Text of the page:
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I have two tables, locations and location groups

CREATE TABLE locations (

INSERT INTO locations (name)

CREATE TABLE location_groups (
    location_ids VARCHAR(255) NOT NULL,
    user_ids VARCHAR(255) NOT NULL,
    name VARCHAR(63) NOT NULL,

INSERT INTO location_groups (location_ids, user_ids, name)
('1', '1,2,4', 'south east'),
('2,3', '2', 'south west');

What I am trying to do is return all location_ids for all of the location_groups where the given user_id exists. I'm using CSV to store the location_ids and user_ids in the location_groups table. I know this isn't normalised, but this is how the database is and it's out of my control.

My current query is:

SELECT location_id 
  FROM locations 
  WHERE FIND_IN_SET(location_id, 
      (SELECT location_ids 
         FROM location_groups 
         WHERE FIND_IN_SET(2,location_groups.user_ids)) )

Now this works fine if the user_id = 1 for example (as only 1 location_group row is returned), but if i search for user_id = 2, i get an error saying the sub query returns more than 1 row, which is expected as user 2 is in 2 location_groups. I understand why the error is being thrown, i'm trying to work out how to solve it.

To clarify when searching for user_id 1 in location_groups.user_ids the location_id 1 should be returned. When searching for user_id 2 the location_ids 1,2,3 should be returned.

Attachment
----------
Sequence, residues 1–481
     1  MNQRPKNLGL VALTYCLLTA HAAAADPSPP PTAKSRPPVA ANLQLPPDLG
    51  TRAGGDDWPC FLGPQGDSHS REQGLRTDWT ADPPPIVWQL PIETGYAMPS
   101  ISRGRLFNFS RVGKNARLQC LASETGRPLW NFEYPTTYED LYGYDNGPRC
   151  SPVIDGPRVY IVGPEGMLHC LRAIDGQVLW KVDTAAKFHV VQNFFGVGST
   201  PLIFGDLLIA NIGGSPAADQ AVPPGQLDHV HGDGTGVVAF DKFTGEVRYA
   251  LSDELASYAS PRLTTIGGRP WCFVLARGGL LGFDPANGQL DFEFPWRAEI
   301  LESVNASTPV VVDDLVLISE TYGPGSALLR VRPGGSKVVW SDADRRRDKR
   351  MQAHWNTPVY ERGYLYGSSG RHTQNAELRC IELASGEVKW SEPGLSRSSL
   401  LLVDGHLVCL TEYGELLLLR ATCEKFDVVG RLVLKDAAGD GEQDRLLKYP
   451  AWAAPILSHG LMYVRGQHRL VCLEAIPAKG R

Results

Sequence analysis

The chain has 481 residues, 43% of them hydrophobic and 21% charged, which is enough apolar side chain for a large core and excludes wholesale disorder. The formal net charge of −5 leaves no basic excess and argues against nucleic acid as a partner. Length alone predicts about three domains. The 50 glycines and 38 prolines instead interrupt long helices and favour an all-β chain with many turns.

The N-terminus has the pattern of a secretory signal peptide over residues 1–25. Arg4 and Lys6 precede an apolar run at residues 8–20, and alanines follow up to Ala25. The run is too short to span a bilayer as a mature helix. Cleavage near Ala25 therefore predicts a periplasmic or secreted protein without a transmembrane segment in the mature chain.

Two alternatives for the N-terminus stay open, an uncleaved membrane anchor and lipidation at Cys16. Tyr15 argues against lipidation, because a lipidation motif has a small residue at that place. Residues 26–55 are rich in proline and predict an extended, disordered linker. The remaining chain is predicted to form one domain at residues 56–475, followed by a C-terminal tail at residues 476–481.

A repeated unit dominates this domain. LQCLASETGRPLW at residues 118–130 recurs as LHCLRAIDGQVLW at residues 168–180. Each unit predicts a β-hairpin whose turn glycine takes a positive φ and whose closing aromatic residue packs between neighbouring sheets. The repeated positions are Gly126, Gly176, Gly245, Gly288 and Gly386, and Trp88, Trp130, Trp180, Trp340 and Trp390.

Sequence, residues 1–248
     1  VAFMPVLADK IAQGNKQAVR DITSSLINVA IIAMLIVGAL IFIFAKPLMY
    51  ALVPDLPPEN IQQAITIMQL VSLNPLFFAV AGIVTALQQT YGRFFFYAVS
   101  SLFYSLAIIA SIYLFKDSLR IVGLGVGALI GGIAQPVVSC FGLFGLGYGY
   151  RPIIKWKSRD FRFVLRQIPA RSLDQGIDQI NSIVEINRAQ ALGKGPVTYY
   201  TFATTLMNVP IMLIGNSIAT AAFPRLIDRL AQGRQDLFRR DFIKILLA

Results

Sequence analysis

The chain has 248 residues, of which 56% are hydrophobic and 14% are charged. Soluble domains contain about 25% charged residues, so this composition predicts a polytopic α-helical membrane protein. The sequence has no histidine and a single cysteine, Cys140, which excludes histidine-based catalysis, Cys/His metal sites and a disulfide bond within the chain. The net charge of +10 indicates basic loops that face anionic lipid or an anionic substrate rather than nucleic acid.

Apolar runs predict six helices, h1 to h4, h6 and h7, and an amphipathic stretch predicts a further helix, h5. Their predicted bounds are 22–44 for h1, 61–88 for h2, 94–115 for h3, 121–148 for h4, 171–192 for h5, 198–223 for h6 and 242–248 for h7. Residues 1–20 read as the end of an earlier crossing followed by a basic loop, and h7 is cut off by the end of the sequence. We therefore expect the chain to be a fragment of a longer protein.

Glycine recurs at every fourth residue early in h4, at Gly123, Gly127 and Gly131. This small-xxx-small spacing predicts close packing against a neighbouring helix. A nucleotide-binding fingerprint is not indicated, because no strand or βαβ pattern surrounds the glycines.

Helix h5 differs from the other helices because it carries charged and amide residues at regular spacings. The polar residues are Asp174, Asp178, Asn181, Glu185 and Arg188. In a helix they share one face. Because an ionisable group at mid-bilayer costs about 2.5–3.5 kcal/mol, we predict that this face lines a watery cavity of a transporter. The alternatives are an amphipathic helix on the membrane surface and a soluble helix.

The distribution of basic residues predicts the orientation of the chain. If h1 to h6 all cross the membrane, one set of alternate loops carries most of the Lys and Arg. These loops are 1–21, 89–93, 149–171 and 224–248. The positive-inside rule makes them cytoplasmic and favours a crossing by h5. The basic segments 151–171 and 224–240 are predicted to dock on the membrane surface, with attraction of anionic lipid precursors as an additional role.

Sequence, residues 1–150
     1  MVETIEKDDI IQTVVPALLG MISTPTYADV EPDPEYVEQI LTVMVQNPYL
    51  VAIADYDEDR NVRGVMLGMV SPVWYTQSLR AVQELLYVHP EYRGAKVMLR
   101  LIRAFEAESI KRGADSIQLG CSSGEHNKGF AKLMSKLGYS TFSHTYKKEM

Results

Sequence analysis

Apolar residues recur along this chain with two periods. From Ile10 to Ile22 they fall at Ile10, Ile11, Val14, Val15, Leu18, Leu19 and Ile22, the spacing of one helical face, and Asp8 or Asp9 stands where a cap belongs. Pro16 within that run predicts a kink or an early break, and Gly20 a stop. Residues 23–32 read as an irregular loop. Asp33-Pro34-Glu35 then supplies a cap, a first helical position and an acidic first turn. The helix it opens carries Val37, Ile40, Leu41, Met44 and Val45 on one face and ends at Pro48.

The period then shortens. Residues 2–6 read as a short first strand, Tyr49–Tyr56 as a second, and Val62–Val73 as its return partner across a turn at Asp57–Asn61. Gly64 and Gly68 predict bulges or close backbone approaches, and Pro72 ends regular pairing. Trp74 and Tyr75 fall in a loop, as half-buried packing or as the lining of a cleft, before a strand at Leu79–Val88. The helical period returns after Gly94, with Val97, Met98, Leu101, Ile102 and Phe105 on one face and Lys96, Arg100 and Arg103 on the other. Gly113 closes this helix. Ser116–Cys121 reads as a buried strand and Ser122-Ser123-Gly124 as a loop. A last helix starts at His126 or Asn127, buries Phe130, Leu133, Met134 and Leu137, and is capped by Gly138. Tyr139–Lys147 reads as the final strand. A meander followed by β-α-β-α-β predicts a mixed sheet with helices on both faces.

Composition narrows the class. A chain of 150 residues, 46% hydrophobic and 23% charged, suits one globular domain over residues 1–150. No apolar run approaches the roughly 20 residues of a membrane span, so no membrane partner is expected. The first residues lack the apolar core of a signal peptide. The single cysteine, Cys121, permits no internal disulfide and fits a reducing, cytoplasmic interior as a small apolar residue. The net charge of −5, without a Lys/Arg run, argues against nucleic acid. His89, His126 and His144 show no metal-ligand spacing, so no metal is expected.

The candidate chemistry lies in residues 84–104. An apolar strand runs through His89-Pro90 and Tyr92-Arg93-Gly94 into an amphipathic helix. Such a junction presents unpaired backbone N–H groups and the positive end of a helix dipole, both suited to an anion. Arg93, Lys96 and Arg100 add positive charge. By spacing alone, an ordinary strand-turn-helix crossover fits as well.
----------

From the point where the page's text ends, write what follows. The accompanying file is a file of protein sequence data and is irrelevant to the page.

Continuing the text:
I know this is a complicated query so if anything isn't clear just let me know. Any help would be appreciated! Thank you.

share|improve this question
Don't give up! Fight for normalization! – outis Jan 17 '12 at 19:25
Proper sample code (here, SQL statements) is more useful than any ad hoc schema and sample data format. Please use CREATE TABLE and INSERT ... VALUES for samples. Desired results don't need to be presented as sample code, as results are the output of code and not code themselves. – outis Jan 17 '12 at 19:29
up vote 2 down vote accepted

You could use GROUP_CONCAT to combine the location_ids in the subquery.

SELECT location_id 
FROM locations 
WHERE FIND_IN_SET(location_id, 
    (SELECT GROUP_CONCAT(location_ids)
     FROM location_groups 
     WHERE FIND_IN_SET(2,location_groups.user_ids)) )

Alternatively, use the problems with writing the query as an example of why normalization is good. Heck, even if you do use this query, it will run more slowly than a query on properly normalized tables; you could use that to show why the tables should be restructured.

share|improve this answer
That's perfect, exactly what I need! Thank you. – leejmurphy Jan 17 '12 at 19:46

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